Protecting our local heritage can be easy and fun.
Below are 10 simple ways to preserve historic places.
- Explore your family’s history. Show your kids the places where you went to school or where you got married; take your parents to a place that’s important in your life.
- Walk or bike. Getting out of your car allows you to appreciate the buildings and parks that make up the place you live, and you’ll also have a much better chance of catching up with your friends and neighbors
- Shop downtown. Our traditional commercial businesses not only have appealing buildings – look up and admire the detail of the upper floors- but they also feature locally-owned stores that are vital parts of your community
- Tour your hometown. Visit a historic site or stop by the historical society or a local history museum. Check the events calendar in the newspaper or on the Web, then go to one of the street fairs or ethnic festivals or neighborhood tours you’ve always meant to enjoy.
- Read all about it. Our community has booklets and walking tour guides about our local history. They’re available at the local library, the Visitors’ Information Center, the Historical Society and many of the local shops in the downtown area.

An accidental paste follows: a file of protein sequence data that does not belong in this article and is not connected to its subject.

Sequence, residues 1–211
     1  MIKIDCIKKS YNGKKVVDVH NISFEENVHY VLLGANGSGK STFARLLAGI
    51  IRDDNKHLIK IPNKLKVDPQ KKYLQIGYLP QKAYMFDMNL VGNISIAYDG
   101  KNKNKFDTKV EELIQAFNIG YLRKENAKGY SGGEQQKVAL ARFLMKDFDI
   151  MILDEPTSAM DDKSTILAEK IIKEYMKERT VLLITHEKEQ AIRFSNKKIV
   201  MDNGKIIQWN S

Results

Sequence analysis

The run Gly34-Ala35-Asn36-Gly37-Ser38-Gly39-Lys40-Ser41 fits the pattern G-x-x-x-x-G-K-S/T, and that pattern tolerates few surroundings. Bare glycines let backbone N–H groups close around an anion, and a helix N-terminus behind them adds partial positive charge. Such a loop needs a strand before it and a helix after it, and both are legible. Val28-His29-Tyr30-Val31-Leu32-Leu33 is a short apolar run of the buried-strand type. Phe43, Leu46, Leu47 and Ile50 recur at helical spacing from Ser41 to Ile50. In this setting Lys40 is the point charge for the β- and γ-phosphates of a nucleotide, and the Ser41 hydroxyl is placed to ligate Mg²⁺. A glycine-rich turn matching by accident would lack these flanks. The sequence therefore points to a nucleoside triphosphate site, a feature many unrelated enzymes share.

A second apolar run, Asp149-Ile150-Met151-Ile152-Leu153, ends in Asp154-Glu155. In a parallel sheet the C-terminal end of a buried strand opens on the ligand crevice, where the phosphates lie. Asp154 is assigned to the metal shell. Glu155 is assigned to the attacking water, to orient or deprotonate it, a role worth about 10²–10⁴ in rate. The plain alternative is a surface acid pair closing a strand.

- Entertain yourself surrounded by history. Attend a live performance at a theater, or eat at a restaurant in a historic building. If you like the atmosphere, tell the owner or host.
- Join an organization (such as the National Trust)– even better, more than one — dedicated to preservation. Become a member of CPSA on-line, or investigate other preservation groups in the city, state and nation.
- Sleep in a historic place. There are historic inns and b&b’s across the country stay in one on your next weekend getaway.
- Ask your neighbors about your neighborhood. Talk to people who’ve lived on your street longer than you have. Find out what they remember about living there, and about the people who have moved on.
- Visit some sacred history. Churches are often among a community’s oldest and most beautiful buildings, and cemeteries reveal the fascinating lives those who came before.